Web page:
What Schools Hope to Achieve by Making Computer Science Widespread

Classroom volunteer Aimee Menne helps teach one of the only computer science classes currently offered at San Francisco’s Mission High. (Andra Cernavskis)

By Andra Cernavskis, The Hechinger Report

This story was written by The Hechinger Report, a nonprofit, independent news organization focused on inequality and innovation in education. Read more about California schools.

SAN FRANCISCO — Many children in San Francisco do not have regular access to computers in school, let alone computer science classes. The school district is about to change that as it plans to become the first large urban school district in the country to commit itself to exposing every child to computer science starting in pre-kindergarten all the way through 12th grade.

“We are not trying to produce an army of software engineers,” said Bryan Twarek, SFUSD’s computer science coordinator. “We want to open all doors to this industry, and right now those doors aren’t open to everyone.”

In fact, only 10 of San Francisco’s 18 high schools offer any kind of computer science class, with just 5 percent of all high school students enrolled in classes at any level, from introductory to Advanced Placement. Most of the students in that 5 percent are white or Asian males. Of the few hundred students who took the Advanced Placement exam in computer science in 2014, only 22 percent were female, and only 3 percent identified as African American, Latino, or Native American.

“The students who access [the current classes] do not represent the diverse population that are in those schools,” Twarek said.

If successfully implemented, San Francisco’s new initiative will be a ground-breaker: According to Code.org co-founder Hadi Partovi, whose national non-profit has introduced computer programming in over 70 of the largest school districts in the country, the urban district that has come closest to accomplishing this level of commitment to computer science is Chicago, which made the subject a mandatory graduation requirement at the high school level.

“Before this announcement, I would say San Francisco was behind the rest of the country in a field where you think it would be ahead,” said Partovi. “Now it’s ahead.”

But, before San Francisco can take the lead, it has a lot of hurdles to cross.

First, it has to finish designing the curriculum. If done the way Twarek plans, computer science will become like any other mandatory subject, but there is a lot of work that will need to go into making this a reality, he said.

“We have to pioneer a lot of the systems and curriculum to do this” Twarek said.

According to Twarek, most of the information on how to build a computer science curriculum focuses on practices at the high school level, which is when most districts around the country introduce the subject, if at all. The district will have to rely heavily on its own initiative in order to create a thorough and exhaustive set of standards for the elementary and preschool levels, something about which Twarek has found little information.

For the younger grades, the main concern of both SFUSD officials and outside observers is that students’ learning isn’t over-saturated with gadgets and technology but also involves activities requiring in-depth thought.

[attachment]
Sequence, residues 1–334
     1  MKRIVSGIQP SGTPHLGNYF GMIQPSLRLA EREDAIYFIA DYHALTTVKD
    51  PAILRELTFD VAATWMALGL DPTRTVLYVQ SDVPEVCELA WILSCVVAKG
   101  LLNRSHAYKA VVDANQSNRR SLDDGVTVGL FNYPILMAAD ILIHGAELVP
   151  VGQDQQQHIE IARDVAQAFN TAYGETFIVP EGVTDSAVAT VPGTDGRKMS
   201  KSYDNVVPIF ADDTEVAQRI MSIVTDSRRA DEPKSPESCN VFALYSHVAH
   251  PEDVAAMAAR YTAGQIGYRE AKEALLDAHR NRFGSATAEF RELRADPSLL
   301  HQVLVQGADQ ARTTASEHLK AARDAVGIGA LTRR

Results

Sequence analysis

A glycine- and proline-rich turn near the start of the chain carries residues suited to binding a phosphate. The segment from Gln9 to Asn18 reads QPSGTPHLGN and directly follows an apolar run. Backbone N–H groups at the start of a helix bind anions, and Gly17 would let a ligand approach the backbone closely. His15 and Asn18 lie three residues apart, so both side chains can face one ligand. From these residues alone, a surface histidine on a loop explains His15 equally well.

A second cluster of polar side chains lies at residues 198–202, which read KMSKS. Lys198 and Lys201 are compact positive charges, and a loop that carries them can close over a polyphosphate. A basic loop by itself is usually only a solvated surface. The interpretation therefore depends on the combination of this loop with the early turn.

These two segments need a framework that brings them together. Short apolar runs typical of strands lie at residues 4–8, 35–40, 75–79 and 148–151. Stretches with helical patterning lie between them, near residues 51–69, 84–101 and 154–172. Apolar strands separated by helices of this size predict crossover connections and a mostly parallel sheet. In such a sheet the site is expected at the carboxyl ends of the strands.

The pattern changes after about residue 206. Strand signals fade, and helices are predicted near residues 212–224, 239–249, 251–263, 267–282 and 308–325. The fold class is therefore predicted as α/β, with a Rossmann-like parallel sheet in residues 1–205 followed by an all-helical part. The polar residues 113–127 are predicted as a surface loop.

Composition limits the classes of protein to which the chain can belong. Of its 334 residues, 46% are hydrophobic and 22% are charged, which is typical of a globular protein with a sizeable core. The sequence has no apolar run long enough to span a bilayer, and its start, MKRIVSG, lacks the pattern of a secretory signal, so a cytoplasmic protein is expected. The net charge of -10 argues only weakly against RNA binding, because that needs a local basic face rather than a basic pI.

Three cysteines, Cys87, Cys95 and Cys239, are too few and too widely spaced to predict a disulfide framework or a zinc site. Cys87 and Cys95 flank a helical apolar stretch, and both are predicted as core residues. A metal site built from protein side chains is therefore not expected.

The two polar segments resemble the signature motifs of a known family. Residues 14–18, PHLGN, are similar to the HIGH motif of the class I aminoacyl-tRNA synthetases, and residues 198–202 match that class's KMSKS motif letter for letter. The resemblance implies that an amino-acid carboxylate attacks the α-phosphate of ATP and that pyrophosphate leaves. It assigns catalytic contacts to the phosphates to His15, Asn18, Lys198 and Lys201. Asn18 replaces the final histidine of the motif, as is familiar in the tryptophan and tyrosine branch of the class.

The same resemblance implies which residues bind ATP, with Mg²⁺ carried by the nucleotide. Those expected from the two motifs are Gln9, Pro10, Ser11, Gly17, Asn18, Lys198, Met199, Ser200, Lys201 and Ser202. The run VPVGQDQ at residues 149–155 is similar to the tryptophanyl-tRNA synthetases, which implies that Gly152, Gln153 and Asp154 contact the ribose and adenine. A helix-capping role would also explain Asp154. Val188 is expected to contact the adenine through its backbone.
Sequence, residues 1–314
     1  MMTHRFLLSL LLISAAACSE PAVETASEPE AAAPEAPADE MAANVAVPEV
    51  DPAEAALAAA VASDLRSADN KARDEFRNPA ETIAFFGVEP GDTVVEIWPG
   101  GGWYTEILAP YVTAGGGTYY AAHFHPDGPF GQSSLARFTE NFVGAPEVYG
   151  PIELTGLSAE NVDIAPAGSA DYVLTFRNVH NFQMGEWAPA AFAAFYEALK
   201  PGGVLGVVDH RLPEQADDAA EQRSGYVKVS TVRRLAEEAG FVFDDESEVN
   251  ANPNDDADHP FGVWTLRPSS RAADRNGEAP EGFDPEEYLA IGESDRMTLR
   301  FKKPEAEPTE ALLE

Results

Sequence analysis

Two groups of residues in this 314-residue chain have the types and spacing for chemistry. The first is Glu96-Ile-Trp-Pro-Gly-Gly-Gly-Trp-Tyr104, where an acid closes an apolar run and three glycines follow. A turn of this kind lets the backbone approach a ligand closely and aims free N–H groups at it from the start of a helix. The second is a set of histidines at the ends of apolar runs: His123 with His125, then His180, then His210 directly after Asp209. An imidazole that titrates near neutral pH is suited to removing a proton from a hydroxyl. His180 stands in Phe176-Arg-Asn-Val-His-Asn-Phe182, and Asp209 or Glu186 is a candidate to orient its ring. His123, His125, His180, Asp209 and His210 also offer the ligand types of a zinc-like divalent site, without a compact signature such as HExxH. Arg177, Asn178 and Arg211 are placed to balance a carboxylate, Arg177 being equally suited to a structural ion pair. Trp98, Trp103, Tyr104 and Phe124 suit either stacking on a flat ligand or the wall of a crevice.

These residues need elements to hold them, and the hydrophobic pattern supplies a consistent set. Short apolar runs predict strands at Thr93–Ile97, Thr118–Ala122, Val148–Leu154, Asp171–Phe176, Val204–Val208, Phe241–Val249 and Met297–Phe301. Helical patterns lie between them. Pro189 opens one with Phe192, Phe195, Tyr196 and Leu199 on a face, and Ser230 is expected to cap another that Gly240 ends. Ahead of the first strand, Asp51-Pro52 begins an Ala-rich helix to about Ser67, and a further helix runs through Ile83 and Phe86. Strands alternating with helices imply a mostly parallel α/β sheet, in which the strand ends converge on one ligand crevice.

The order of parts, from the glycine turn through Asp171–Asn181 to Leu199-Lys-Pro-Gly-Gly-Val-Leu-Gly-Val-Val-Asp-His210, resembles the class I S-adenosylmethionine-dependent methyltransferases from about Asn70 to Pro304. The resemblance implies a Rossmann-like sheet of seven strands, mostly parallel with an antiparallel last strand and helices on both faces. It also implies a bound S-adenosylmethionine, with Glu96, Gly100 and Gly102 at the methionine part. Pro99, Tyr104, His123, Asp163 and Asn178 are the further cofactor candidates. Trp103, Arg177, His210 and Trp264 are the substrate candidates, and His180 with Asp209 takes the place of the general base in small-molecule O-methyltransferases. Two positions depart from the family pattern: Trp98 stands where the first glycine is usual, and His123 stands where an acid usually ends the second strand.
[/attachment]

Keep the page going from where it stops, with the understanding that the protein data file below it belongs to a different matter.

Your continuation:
“We want to make sure that when people are talking about computer science education, they are talking about critical thinking and computational learning and not just bringing fancy technology into the classroom,” said Julie Flapan, the executive director of Alliance for California Computing Education for Students and Schools (ACCESS).

While not involved in creating SFUSD’s curriculum, ACCESS works to bring computer science education to traditionally underserved student populations in California. Flapan said that based on what she’s read about the planned SFUSD program, San Francisco leaders seem to understand the difference between just teaching students how to use technology and teaching them how to use computer programming as a form of problem solving.

In addition to curriculum design, the new program will need more funding if it is to expand. Despite San Francisco’s proximity to wealthy Silicon Valley, 54 percent of students in San Francisco’s public schools received free or reduced lunch in the 2014-15 school year and many schools do not have enough equipment to sustain a computer science curriculum. Only two of the city’s middle schools now offer an elective course in the subject.

The initial phase of the pilot year will rely heavily on outside support and will include only 12 of the district’s K-8 and middle schools. Salesforce Foundation, the philanthropic arm of a local software company that has already donated money and resources to improving access to technology in most of San Francisco’s middle schools, is a major backer of the middle school program.

“We expect to fund the pilot primarily through external sources, and we continue to seek additional sources so that we can pilot in the elementary grades,” Twarek said.

SFUSD has agreed to pick up some program costs in the inaugural year, including teacher training.

Twarek anticipates that the district will introduce the curriculum to elementary schools and preschools over the course of the next school year, with the goal of having a computer science curriculum in every school by 2016-2017.

This story was written by The Hechinger Report, a nonprofit, independent news organization focused on inequality and innovation in education. Read more about California schools.

What Schools Hope to Achieve by Making Computer Science Widespread 25 June,2015MindShift

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